Relevancy is key in any pitch, and this needs to be made clear from a very early stage. The journalist will think; why is this person/agency contacting me? Why should I – and my readers – care about it? There’s no point pitching a piece of sports-related content to financial journalist, and while one might presume that such pointless pitches wouldn’t happen, they’re a lot more common than they should be. Thankfully, many journalists will state on their social media profiles which kind of writing they look at, so a simple social media search – most likely on Twitter – is the best way to research who you should target. Make sure your content is a good match for whomever you pitch it to, not just to be relevant, but also so they will enjoy what you’re pitching.
This is a simple one: What is your content or project about? Can you summarise it into one snappy sentence, or a few short lines at the very least? Are you able to convey its purpose simply, without the recipient needing to see it for themselves?
Your few words should be able to instil curiosity, thereby enticing the journalist to click on and see what you’re doing for themselves. In short, if you can’t get your journalists to be curious, how will they invoke the same curiosity in others?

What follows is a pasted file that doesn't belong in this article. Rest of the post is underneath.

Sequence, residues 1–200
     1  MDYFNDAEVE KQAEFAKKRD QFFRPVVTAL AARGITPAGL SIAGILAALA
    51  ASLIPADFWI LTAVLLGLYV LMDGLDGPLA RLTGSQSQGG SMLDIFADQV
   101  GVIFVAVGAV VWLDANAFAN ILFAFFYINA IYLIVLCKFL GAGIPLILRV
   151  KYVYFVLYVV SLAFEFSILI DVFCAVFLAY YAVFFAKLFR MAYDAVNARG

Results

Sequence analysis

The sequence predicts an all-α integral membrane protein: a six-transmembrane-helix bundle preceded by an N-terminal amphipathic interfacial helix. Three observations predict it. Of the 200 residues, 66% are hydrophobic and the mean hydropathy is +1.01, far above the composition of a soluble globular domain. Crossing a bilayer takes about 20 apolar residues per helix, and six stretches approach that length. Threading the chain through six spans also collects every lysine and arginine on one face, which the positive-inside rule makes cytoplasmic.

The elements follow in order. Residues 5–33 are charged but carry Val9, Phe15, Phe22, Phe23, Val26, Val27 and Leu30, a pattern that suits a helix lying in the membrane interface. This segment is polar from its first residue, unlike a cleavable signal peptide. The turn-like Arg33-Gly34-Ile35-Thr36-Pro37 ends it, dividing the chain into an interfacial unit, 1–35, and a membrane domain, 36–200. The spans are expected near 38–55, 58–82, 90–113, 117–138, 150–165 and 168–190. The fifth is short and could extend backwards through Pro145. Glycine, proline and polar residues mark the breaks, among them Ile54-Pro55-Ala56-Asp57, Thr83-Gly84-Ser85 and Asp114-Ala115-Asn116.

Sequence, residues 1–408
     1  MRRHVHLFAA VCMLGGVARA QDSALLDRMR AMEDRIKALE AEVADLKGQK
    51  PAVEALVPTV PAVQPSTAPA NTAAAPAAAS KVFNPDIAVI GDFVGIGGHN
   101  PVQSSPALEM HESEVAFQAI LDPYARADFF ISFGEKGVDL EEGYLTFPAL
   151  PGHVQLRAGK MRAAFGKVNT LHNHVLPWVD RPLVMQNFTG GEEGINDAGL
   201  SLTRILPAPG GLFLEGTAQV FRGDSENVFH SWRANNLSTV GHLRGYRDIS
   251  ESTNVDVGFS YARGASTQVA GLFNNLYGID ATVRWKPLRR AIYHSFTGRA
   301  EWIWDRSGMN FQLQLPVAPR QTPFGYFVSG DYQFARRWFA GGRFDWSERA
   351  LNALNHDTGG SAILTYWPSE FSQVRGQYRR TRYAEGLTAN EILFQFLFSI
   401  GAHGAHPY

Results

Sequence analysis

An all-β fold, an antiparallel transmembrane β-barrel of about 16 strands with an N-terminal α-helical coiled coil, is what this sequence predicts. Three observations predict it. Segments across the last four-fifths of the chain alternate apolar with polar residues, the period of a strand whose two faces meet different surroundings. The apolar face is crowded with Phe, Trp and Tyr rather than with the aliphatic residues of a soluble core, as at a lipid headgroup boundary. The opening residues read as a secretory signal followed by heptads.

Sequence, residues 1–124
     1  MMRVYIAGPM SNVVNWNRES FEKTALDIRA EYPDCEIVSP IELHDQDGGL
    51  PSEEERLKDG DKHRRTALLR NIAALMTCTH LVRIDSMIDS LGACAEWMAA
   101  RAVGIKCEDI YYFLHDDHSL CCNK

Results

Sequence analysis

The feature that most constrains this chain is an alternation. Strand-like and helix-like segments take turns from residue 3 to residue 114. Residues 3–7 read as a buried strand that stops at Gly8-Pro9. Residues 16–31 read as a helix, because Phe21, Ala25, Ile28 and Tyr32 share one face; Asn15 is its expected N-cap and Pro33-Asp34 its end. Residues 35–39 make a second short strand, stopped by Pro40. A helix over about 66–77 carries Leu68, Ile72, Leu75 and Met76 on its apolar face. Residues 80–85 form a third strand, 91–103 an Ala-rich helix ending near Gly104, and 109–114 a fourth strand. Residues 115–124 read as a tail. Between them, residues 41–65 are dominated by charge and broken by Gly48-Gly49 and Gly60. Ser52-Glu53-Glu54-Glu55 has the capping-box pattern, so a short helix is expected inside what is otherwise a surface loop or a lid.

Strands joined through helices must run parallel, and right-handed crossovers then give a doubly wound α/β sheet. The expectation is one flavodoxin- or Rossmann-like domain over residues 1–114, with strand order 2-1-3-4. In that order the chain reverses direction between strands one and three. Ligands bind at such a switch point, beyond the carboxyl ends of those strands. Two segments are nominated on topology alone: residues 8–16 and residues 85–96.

If your content is related to something time-specific, you’re more likely to get better mileage out of the media, but the risk to that is that you also have a time limit. A piece of content based on Christmas, no matter how innovative it may be, will be useless to media and bloggers after December 25, so you need to do your groundwork and outreach in good time.
Provided your company or agency has the relevant resources, ‘piggybacking’ off current trends and relevant news stories in a timely fashion works wonders for raising awareness of your brand or product. Be very careful with this, however; the key to ‘piggybacking’ is to be tasteful when deciding what theme(s) to use, and avoid controversial topics unless you are prepared to receive negative feedback. Sometimes, a backfired PR stunt can damage a brand severely.